Like so many of the characters we create, ethnicity, religious beliefs... He uses an old tape recorder to record memories of his first true love, the late Gwen Stacy. The Our Father is pretty well universal among all Christian faiths - it's taken straight out of the Bible... IIRC [If I recall correctly], here's the Catholic Clix you can play: Daredevil Huntress Nightcrawler Possible Catholics (or lasped Catholics): Kingpin Gambit Hawkeye Catwoman (her sister was a nun) Plastic Man Due to strong guilt and responsibilites the following could be Catholic (or Jewish): Spider-Man Blue Beetle spanishyoda 05/26/2003, A good argument for Spidey being Catholic in comics are: A: May Parker's maiden name is Reiley, and given her age and region of the country that she grew up in it could be assumed that she is Catholic. I've been to Lutheran funeral that look a lot like Catholic, as do Orthodox. Given that Uncle Ben's of Irish descent (based on his last name) it would stand to reason that he's Catholic.

and all of the things that make people who they are only come into play if they're an important part of what makes up the interesting aspects of a character from a storytelling perspective. Peter speaks as if talking directly to Gwen, recounting events from the time they had together. B: I believe in the ASM issue where Peter proposes to Mary Jane, Aunt May donated his old microscope to a Catholic Church for a fund raiser. I wouldn't use the "Our Father" as a sign of being Catholic. The same is true with the ideas of confession and alter boys. There's a very large presence of Irish Catholics in New York.

Parker's precise denominational affiliation has never been made clear. Spider-Man may also be one [a Catholic] but I'm not sure; Aunt May recites the 'Our Father' holding Rosary beads before going to bed in the movie.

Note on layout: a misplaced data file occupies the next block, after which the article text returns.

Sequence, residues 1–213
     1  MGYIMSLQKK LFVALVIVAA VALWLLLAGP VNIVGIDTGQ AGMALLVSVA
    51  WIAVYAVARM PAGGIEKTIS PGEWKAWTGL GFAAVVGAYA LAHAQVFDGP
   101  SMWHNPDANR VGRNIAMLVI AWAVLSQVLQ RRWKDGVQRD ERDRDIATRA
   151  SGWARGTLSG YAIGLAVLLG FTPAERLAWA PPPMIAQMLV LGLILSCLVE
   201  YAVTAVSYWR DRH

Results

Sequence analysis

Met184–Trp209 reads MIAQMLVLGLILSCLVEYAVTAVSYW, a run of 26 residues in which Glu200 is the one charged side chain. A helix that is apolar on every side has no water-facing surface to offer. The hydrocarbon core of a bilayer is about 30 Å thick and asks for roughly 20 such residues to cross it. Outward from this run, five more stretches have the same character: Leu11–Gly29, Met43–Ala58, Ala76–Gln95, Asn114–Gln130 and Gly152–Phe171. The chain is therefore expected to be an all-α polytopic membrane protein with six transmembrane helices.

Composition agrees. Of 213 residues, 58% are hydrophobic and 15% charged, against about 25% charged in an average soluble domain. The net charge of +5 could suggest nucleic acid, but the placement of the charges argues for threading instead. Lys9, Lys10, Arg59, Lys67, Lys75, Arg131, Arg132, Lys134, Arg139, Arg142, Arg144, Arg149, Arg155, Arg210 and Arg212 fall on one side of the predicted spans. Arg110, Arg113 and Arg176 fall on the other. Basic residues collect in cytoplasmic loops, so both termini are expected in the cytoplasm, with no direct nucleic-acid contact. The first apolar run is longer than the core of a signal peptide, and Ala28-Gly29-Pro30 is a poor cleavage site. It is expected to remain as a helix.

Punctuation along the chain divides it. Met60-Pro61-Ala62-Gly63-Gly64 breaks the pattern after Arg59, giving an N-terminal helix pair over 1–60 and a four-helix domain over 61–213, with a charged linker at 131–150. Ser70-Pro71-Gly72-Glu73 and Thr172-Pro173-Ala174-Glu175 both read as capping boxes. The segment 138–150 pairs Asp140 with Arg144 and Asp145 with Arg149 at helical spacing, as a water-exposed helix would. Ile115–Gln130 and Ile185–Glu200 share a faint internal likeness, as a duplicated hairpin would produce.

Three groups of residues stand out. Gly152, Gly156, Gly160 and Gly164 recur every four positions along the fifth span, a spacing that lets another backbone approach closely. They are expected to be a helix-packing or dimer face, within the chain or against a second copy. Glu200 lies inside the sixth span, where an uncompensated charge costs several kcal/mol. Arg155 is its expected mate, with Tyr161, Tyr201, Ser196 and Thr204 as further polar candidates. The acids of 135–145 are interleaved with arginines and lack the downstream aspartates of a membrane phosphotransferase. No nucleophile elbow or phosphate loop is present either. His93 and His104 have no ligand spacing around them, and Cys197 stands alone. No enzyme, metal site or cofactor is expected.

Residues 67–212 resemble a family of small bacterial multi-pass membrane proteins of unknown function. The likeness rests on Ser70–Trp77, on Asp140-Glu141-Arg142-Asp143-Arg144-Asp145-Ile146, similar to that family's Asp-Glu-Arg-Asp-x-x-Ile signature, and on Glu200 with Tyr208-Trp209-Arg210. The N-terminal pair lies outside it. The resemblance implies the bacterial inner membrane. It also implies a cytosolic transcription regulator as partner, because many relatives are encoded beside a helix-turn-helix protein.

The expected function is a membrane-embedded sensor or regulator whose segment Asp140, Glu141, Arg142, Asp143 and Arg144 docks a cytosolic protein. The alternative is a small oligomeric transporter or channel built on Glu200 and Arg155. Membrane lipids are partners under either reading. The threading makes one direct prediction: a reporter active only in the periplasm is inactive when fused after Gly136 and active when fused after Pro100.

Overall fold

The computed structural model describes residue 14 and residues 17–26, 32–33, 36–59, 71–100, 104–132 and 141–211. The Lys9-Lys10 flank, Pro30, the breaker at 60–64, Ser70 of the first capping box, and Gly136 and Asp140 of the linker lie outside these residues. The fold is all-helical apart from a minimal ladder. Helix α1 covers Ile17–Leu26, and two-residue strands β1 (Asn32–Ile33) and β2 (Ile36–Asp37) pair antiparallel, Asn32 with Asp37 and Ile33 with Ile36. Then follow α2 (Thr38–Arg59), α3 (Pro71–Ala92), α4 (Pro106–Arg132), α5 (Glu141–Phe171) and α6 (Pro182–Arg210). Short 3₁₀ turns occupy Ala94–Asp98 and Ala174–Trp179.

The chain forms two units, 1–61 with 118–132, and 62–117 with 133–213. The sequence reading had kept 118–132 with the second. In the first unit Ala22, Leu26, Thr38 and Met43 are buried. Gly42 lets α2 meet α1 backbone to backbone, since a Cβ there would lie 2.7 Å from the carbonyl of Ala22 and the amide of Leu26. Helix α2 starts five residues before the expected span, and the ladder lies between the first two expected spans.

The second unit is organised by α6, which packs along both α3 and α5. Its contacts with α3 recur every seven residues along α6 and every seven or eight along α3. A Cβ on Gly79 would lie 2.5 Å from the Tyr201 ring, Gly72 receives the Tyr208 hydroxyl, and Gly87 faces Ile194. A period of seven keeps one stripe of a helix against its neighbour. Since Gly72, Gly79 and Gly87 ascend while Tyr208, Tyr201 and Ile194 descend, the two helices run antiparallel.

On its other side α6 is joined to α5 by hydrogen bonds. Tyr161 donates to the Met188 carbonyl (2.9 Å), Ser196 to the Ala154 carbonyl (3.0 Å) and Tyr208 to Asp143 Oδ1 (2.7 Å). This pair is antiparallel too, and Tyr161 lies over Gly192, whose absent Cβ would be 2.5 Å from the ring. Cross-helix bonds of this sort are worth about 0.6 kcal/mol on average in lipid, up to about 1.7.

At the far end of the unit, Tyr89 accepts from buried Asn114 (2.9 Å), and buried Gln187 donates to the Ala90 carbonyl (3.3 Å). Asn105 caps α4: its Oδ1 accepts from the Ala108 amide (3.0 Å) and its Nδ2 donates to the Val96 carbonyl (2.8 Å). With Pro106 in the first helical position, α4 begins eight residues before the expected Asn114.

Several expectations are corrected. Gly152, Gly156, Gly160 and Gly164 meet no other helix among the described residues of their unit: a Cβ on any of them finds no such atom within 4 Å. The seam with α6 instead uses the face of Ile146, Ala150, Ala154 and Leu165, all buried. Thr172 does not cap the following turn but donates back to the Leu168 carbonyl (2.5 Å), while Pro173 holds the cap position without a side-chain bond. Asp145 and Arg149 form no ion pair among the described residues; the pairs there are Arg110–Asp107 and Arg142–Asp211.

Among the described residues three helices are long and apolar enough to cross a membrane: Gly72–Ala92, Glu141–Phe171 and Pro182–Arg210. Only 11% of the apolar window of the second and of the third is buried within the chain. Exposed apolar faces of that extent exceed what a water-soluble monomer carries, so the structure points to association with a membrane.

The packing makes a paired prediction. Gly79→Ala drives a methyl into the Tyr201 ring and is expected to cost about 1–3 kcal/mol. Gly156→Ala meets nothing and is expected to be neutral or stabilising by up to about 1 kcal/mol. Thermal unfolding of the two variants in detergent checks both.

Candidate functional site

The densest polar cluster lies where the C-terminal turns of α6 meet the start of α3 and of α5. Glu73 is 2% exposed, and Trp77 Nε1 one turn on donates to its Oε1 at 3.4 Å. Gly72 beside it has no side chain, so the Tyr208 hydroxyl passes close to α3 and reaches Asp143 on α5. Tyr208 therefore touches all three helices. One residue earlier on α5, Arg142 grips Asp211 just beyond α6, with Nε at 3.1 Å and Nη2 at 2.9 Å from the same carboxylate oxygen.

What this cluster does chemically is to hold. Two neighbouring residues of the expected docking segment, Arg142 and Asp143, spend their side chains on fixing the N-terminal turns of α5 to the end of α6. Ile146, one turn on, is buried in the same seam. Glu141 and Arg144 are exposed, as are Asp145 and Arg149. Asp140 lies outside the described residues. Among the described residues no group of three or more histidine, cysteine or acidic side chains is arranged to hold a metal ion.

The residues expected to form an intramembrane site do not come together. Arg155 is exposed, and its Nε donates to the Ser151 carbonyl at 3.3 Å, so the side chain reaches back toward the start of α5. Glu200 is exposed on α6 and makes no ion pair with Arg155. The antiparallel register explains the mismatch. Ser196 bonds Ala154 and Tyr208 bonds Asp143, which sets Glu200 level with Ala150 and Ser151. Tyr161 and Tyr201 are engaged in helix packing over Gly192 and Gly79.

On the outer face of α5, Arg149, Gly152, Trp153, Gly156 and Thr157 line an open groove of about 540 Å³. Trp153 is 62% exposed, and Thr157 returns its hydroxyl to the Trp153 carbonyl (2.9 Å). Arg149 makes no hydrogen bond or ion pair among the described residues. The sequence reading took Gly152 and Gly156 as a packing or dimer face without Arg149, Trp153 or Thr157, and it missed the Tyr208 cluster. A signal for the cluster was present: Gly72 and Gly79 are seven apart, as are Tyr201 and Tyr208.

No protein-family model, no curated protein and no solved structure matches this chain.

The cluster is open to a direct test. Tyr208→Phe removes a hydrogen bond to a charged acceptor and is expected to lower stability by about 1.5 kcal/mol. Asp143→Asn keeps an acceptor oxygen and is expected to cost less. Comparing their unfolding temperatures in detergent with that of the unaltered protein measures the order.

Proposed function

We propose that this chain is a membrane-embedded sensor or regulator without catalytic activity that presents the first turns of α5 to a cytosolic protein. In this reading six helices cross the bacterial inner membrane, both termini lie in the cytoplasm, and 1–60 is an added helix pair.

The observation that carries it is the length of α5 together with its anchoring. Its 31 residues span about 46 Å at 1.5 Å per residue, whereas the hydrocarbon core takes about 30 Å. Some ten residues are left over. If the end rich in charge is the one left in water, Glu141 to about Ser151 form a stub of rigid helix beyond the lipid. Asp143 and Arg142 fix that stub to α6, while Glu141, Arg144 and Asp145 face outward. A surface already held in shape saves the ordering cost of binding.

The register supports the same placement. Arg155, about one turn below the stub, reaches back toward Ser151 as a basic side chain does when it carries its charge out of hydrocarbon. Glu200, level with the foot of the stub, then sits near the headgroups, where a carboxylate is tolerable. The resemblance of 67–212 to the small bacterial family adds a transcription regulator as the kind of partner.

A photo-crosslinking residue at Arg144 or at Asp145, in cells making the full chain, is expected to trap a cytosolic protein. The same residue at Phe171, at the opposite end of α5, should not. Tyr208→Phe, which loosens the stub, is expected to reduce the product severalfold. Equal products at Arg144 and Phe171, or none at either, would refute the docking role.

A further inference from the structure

Peter Parker has never been depicted as a regular churchgoer and could probably not be said to be religiously observant on a daily basis in any organized way. There's definitely a strong Christian influence there anyway.Marvel Comics editor-in-chief Joe Quesada has stated in his Joe Fridays column that Peter Parker is "most likely of Christian Protestant beliefs" ( Joe Fridays/New Joe Fridays28.html). I'd like to discuss what religious beliefs are favorite costumed hero's belong to. But beyond that, what do we know of superhero's beliefs?Religious affiliation has usually been a relatively taboo subject in mainstream superhero comics. I'm thinking of mostly the Marvel Universe, but you DC fans feel free to contribute as well... From: "Religious Affiliation of Comic Book Characters" forum discussion, started 10 March 2007 on "Brian Michael Bendis" part of "Comic Creator Boards" section of "Jinxworld Forums" website ( viewed 6 June 2007): Joe E , AM ASTONISHINGLY detailed site that delves into the religions of superheroes. Matt O'Keefe , AM For a lot of characters, religion shouldn't be mentioned.When you follow the spider, you inherit the ways of the spider, its natural powers -- and its natural enemies. The Above: When Spider-Man gets a glimpse of his future, he sees the tombstone of his Aunt May. From: Steven Waldman and Michael Kress, "Beliefwatch: Good Fight", published in , 19 June 2006 issue (posted online on 12 June 2006: simultaneously posted on Belief under headline "Holy Superheroes": viewed 14 June 2006): ...[] says "X-Men"'s Rogue is Southern Baptist, Cypher from "New Mutants" is a Mormon and Elektra from "Daredevil" is Greek Orthodox. Seeing all the evidence clearly laid out was an interesting viewing.They extend into the waking world just as their counterparts in the waking world have echoes in this place. Note the Christian cross that marks the gravesite of May Parker, Peter's beloved Aunt May, the woman who raised him. Captain America is a churchgoer, and Spider-Man sometimes addresses God in spontaneous prayer... [from original blog post:] Atheists identified as America's most distrusted minority, according to new U of M study: News Releases: UMNnews: U of M.: "From a telephone sampling of more than 2,000 households, university researchers found that Americans rate atheists below Muslims, recent immigrants, gays and lesbians and other minority groups in 'sharing their vision of American society.' Atheists are also the minority group most Americans are least willing to allow their children to marry." This is my take on it: When most Americans hear the word "Atheist" they think of someone who is against the values they grew up with.Above: After warning of impending danger, Doctor Strange suggests that the next thing Peter Parker (Spider-Man) should do is pray. It's Peter again..." [From , which kept you safe from prying eyes, you were noticed. Peter seems to find at least partial answers to his questions both in this scene and in the coming story arc. Why would you have the Goblin put my buddy Flash Thompson in a coma so that he may never walk or talk again? Exploring Faith & Spirituality in Comic Books."' "In the process of telling their stories of human - and superhuman - characters, comics deal with issues near and dear to our hearts: faith, hope, belief, guilt, justice, redemption, ultimate meaning, ultimate evil," he writes in the book's introduction. Also, when Tracer made a comment to Aunt May about hmans creating their own gods, Aunt May replied, "God created people, Tommy, not the other way around." From: "Religious Affiliation of Comic Book Super-heroes", posted 24 June 2006 on "No Sheep" blog website ( viewed 25 June 2006): This site [link to this site] compiled an extremely detailed and well researched list of comic book super-heroes and their associated religious affiliations.